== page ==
• Increased reporting responsibilities for managers in the event of an incident resulting in a fatality or any “dangerous occurrence”;
  • A clearer and more precise definition of “confined space”;
  • Enhanced safe work procedures for confined spaces; and
  • Additional requirements related to the prevention of respiratory hazards and the procedures to be followed when a mine ceases operation.

Release of a best practices guidebook. Four workers—including two who’d been on the job for less than three days—were killed in separate incidents in BC’s quarries in 2007. So in January 2008, BC released a best practices guidebook entitled, Health & Safety: A Practical Guide for Aggregate Operations. The guidebook provides useful and practical guidelines to help workers, supervisors and managers maintain a safe and healthy workplace. It’s part of the province’s broader prevention strategy, which also includes:

  • A directive to the aggregates industry to prove that all new workers received appropriate training and orientation;
  • A health, safety and operational skills program similar to one used successfully in the construction industry;
  • Onsite mine inspections; and
  • Audits of mines to ensure that all mines are operating in a safe manner.


Each province and territory (except Prince Edward Island, which has very little mining activity) addresses the safety issues and hazards that are specific to mining. But they do it in different ways. There are four approaches:

Mine law and regulations. Four jurisdictions—BC, NL, NT and NU—cover mine safety and hazards in laws devoted specifically to mining. These include:

  • BC: The Mine Act and related regulations, including the Health, Safety and Reclamation Code for Mines;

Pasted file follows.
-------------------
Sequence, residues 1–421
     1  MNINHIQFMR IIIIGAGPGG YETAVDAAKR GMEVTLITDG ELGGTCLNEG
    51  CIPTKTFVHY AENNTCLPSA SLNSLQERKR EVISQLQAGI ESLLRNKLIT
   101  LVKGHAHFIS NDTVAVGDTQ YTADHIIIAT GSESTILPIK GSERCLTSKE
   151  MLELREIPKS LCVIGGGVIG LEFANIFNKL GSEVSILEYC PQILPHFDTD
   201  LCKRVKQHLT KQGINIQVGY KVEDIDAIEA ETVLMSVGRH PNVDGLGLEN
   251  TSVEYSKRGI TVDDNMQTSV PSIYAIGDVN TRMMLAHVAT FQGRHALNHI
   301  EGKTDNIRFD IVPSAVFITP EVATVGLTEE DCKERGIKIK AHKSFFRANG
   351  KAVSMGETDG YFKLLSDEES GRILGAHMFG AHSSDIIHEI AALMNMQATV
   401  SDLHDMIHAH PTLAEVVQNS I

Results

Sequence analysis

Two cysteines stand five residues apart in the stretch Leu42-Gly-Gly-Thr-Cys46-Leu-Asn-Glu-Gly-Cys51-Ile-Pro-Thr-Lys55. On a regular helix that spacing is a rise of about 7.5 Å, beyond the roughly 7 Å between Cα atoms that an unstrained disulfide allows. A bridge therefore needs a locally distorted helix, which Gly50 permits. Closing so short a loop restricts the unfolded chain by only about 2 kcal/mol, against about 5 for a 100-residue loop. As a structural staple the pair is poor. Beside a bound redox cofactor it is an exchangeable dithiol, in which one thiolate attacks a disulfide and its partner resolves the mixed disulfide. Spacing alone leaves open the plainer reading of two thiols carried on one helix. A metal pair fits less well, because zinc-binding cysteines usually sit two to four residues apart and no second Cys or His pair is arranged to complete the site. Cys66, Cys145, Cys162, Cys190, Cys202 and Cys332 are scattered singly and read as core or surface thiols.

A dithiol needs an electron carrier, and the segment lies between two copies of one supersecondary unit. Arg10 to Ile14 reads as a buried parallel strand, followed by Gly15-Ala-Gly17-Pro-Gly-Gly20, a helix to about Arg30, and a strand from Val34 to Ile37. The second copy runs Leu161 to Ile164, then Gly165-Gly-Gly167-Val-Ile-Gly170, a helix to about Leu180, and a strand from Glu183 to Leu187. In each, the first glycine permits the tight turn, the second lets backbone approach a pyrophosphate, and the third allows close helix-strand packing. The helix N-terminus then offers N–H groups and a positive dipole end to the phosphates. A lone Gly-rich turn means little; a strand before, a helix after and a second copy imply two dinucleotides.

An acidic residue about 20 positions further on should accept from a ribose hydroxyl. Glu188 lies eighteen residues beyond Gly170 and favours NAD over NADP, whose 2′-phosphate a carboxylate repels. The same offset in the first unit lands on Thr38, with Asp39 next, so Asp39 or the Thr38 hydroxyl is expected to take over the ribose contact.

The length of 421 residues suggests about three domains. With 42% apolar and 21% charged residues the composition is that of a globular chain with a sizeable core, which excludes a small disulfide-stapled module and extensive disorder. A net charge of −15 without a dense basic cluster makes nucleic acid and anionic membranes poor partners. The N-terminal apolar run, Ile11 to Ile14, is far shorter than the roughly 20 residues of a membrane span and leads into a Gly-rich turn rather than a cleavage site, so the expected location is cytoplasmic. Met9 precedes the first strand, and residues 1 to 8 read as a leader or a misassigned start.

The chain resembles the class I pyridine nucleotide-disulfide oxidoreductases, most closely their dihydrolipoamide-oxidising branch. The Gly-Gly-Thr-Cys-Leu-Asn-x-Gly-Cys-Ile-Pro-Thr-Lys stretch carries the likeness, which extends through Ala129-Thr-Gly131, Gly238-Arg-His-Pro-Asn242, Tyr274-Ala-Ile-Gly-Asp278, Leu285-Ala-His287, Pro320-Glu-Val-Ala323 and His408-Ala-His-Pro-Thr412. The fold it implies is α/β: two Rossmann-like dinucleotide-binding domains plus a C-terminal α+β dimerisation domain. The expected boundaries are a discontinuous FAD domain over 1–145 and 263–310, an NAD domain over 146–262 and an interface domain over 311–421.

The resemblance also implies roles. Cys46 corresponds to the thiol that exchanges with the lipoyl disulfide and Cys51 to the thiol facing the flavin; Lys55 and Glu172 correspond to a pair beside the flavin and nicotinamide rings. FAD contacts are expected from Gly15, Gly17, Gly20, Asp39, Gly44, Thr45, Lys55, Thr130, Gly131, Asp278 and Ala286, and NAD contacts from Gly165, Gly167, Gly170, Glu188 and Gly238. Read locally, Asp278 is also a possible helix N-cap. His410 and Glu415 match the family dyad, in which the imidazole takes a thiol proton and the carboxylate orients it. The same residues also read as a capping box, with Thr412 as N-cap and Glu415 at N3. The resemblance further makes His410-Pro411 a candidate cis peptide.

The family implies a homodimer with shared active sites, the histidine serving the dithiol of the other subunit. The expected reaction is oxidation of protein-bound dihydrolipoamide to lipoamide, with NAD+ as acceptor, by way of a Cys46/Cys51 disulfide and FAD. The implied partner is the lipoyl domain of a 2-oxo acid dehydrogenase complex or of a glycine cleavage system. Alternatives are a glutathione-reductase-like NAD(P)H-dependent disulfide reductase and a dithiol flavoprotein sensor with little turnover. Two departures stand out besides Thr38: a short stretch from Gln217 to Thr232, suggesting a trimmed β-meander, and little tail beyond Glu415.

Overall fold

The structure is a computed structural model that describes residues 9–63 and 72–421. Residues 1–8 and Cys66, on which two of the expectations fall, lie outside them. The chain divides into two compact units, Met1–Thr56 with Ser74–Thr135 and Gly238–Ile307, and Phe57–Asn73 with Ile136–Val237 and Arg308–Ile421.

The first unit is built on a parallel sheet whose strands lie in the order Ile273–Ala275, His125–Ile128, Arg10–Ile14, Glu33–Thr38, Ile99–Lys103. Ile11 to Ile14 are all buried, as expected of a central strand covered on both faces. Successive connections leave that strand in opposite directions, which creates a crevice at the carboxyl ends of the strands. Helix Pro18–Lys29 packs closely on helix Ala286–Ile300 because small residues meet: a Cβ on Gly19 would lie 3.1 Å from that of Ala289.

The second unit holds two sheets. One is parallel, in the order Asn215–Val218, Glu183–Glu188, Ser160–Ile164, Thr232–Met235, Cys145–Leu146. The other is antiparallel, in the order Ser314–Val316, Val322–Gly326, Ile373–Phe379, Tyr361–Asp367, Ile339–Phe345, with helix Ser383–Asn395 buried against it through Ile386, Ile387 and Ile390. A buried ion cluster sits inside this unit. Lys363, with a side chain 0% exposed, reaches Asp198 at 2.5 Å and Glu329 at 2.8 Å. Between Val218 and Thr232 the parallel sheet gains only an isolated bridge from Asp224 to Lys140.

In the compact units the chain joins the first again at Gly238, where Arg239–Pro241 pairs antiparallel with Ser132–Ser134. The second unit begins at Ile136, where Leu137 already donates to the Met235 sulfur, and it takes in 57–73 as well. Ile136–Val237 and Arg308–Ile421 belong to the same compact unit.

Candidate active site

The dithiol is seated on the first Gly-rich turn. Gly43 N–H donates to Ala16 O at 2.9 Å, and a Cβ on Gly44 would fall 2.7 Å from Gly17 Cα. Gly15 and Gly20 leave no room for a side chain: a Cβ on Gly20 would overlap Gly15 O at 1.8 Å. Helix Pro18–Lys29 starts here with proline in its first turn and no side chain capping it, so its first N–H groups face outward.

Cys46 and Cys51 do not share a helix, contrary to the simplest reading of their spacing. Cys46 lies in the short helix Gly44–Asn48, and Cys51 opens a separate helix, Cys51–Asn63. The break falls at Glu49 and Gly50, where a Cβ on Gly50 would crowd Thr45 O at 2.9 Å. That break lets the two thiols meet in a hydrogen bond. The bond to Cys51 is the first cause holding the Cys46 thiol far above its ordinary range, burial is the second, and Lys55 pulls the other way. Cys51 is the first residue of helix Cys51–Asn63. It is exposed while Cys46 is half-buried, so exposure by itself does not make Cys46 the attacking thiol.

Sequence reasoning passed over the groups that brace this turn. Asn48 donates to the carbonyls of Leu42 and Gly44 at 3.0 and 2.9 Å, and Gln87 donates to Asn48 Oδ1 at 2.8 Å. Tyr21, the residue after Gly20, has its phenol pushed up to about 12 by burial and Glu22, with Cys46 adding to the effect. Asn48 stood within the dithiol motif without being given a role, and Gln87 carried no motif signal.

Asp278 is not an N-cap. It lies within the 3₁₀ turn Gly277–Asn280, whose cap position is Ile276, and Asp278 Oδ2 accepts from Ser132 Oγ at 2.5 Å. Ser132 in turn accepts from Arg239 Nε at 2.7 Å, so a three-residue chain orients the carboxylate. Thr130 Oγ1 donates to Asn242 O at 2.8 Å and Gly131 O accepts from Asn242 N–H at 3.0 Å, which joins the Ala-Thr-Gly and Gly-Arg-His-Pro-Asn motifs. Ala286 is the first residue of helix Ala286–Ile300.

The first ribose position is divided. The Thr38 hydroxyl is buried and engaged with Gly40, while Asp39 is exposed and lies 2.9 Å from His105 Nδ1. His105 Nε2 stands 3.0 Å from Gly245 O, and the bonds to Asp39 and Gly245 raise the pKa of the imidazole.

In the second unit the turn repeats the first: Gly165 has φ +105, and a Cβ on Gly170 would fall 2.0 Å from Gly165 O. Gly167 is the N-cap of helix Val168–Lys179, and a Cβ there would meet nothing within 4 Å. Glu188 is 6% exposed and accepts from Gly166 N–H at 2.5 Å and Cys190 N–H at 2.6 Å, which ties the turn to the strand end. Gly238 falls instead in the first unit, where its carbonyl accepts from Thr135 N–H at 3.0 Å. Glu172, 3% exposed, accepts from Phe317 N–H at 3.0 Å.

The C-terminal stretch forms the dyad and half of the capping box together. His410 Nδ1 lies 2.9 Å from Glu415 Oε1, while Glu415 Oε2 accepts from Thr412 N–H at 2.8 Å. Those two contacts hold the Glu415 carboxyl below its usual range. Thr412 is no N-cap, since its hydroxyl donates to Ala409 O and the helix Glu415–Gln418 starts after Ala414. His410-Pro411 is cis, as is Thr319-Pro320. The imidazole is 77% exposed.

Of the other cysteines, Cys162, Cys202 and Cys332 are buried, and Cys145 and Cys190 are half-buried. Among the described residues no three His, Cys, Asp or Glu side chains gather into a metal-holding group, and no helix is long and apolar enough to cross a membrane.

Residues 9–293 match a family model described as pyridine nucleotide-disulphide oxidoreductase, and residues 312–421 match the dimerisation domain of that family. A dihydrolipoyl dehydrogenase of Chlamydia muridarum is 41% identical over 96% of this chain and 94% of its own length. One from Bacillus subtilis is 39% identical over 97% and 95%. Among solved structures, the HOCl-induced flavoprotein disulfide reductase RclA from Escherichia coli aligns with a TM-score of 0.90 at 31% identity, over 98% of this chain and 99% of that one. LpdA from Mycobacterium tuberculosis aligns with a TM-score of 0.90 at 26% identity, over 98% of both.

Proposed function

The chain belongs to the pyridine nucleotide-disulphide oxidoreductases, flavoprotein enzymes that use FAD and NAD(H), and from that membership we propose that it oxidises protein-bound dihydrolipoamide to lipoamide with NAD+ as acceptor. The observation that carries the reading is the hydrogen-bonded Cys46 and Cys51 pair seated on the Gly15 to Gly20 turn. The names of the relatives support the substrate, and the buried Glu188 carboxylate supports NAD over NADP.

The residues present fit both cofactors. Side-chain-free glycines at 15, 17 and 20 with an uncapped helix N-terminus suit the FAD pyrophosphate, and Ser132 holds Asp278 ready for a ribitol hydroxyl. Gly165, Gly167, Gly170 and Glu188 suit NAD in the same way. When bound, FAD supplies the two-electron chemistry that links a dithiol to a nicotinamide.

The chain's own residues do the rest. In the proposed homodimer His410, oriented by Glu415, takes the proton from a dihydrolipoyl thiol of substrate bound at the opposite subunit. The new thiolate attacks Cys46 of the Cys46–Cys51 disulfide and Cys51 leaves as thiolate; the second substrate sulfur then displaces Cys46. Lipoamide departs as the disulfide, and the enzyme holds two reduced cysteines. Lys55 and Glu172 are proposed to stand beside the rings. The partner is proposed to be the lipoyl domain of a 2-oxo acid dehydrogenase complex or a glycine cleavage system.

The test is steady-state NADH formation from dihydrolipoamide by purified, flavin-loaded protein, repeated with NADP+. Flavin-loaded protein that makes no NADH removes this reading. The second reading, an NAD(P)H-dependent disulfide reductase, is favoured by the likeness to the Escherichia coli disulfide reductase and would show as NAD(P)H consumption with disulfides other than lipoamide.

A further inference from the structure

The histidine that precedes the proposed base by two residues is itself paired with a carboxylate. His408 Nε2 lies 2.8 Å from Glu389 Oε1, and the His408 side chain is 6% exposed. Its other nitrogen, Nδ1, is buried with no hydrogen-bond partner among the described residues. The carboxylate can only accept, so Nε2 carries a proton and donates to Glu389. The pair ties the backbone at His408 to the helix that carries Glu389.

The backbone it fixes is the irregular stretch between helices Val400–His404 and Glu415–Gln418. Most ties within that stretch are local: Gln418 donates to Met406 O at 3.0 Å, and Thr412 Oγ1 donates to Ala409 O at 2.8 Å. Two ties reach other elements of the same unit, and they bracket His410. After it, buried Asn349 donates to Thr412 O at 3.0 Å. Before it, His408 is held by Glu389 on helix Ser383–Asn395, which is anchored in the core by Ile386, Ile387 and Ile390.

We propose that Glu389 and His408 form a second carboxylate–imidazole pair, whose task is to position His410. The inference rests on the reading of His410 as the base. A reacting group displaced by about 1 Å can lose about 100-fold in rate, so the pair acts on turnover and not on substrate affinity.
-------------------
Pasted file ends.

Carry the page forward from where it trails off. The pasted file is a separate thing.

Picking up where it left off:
• NL: The Mines Act and Mines Safety of Workers Regulations; and
  • NT and NU: The Mine Health & Safety Act and related regulations.

Mine safety regulations under OHS law. Seven jurisdictions—Fed, MB, NB, NS, ON, QC and SK—have regulations devoted to mine safety and hazards under their OHS laws. For example, Manitoba addresses mine safety and hazards in its Operation of Mines Regulation and Québec covers the topic in its Regulation respecting occupational health and safety in mines. NB and NS have regulations that focus specifically on safety in underground mines.

Mine section of general regulations. Two jurisdictions—AB and YT—have sections in their general OHS regulations devoted to mine safety and hazards. In Alberta, the regulations are now in Part 36 of the OHS Code, 2006 but used to be in a separate regulation called the Mines Safety Regulation. In the Yukon, mine safety and hazards are covered in Part 14 (Blasting), Part 15 (Surface or Underground Mines or Projects) and Part 16 (Mines, Shafts and Hoists) of the OHS Regulations.

General OHS regulations. Two jurisdictions—NB and NS—have regulations devoted to safety and hazards in underground mines but address mine safety and hazards in general and in other types of mines throughout their OHS regulations.

Of course, regardless of how jurisdictions approach mining-specific hazards and safety, mining operations in all provinces and territories must also comply with all of the applicable terms of the general OHS law and regulations. How do we know? Because the definition of “workplace” in most OHS laws specifically includes mines. For example, Sec. 1 of Manitoba’s Workplace Safety and Health Act defines “workplace” to include a mine, and Sec. 1 of New Brunswick’s OHS Act defines “place of employment” to include a mine. So, for example, mines may need to have JHSCs if they have enough workers in the workplace.


The mining industry makes an important contribution to the Canadian economy. For example, according to Natural Resources Canada, in 2007, Canadian mineral production reached $40.4 billion—a 19% increase from 2006. But the industry also accounts for a high percentage of workplace injuries, particularly fatalities. So as a government official correctly noted when discussing mining in BC, “Constant vigilance is necessary to avoid accidents and prevent tragedies.” Although the provinces and territories use somewhat different approaches, they all impose strict safety requirements on mines. So if you’re the safety coordinator of a mining company, it falls on your shoulders to ensure that you’re familiar with these requirements and are taking adequate measures to ensure that the company complies with them. This article should give you some help in meeting this challenge.